The focus of the fiercest fighting, today, is occurring just outside the Gadhafi compound in Tripoli. According to the AP, Rebels were trying to storm the Bab al-Aziziya command center when tanks opened fire, which led to the big question: Where is Moammar Gadhafi? Is he in Bab al-Aziziya or is he even in Libya?
Libyan rebels have claimed control of parts of the capital Tripoli, but big questions remain about the future of the country and the fate its longtime leader Moammar Gadhafi.
The whereabouts of Gadhafi, as of Monday, remained unknown.
David Mack is a former U.S. diplomat who served throughout the Middle East, including a posting in Libya. He says he believes Gadhafi could very well seek asylum for himself and his family in a country like Russia.
The news this summer is teeming with trillions. The national debt is more than $14 trillion. In a recent report, the credit rating agency Moody's says the 1,600-plus U.S.-based companies it rates harbored some $1.2 trillion in cash at the end of 2010. The newly minted congressional supercommittee is charged with finding ways to pare the federal deficit by at least $1.2 trillion in the next decade.
President Bill Clinton signed a historic overhaul of the nation's welfare system into law on Aug. 22, 1996. Now, some states are seeing drops in welfare cases even as the the U.S.' unemployment rate spiked. That's according to a new Urban Institute report. Host Michel Martin explores the past and present state of welfare with activist Barbara Ehrenreich and former RNC Chairman Michael Steele.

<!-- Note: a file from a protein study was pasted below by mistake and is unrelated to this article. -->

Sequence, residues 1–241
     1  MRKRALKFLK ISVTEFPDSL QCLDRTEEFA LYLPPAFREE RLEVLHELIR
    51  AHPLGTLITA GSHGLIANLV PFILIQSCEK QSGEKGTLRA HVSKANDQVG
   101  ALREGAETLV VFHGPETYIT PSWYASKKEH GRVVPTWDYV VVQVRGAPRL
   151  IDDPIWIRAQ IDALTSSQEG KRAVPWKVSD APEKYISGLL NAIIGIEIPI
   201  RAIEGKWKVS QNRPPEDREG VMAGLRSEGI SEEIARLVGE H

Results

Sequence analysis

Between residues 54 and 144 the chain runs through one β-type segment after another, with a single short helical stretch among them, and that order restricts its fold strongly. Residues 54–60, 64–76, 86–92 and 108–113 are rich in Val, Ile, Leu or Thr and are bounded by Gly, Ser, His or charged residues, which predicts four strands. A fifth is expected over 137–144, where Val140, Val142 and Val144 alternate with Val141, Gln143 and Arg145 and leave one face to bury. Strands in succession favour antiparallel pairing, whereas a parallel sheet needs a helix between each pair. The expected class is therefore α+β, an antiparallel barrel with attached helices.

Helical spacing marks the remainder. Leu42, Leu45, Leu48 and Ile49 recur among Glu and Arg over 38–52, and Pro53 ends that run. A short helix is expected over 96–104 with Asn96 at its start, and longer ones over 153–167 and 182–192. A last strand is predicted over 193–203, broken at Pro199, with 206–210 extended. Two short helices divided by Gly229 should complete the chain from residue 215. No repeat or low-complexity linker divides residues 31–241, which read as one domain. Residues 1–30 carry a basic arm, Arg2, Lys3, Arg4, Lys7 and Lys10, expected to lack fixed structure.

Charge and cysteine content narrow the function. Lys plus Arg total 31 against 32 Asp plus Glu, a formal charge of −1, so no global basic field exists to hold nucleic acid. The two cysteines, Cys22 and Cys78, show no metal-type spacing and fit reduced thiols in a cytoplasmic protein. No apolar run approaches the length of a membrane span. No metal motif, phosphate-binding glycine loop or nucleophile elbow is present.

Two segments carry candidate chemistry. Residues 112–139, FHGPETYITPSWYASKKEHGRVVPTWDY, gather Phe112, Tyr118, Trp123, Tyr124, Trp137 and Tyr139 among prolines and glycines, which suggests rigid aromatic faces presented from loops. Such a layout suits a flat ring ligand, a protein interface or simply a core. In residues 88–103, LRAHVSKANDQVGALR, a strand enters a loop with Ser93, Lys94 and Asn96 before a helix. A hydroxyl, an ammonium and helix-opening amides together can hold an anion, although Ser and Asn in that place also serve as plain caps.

We now know exactly how much banks and financial institutions borrowed from the Federal Reserve during 2008 financial crisis — $1.2 trillion. According to Bloomberg, that's enough $1 bills to fill "539 Olympic-size swimming pools."
The biggest borrower, Morgan Stanley, got $107.3 billion, Citigroup and Bank of America followed close behind with $99.5 billion and $91.4 billion respectively.
Today, a memorial to he civil rights leader Martin Luther King opened to the public. The official dedication is on Sunday but visitors to the National Mall in Washington, D.C. can see the 30-foot sculpture today.
The big breaking story of the day, so far, comes from Libya. Opposition fighters have started to take control of Tripoli, and may be closing in on Moammar Gadhafi. As we reported earlier, the sudden shift in momentum appears to have happened because the opposition has gotten better organized and NATO stepped up its air attacks.
Ashley and Seth Cooper celebrated their first anniversary in Alaska. While beachcombing they spied a champagne bottle with a note in it. It had been tossed into the sea by a couple on their honeymoon. When Cooper tracked them down, she discovered they were still happily married.
Tharvin Benitez was standing in a Chicago courtroom in handcuffs and orange prison fatigues. Benitez was before a judge facing 30 years in prison on drug charges. His girlfriend was expecting a baby, and he asked the judge to please officiate the wedding before she delivered.
Most of the Libyan capital Tripoli is controlled by rebels. The rebels, however, are not in control of Moammar Gadhafi's compound. The whereabouts of Gadhafi are unknown. Two of his sons have been arrested.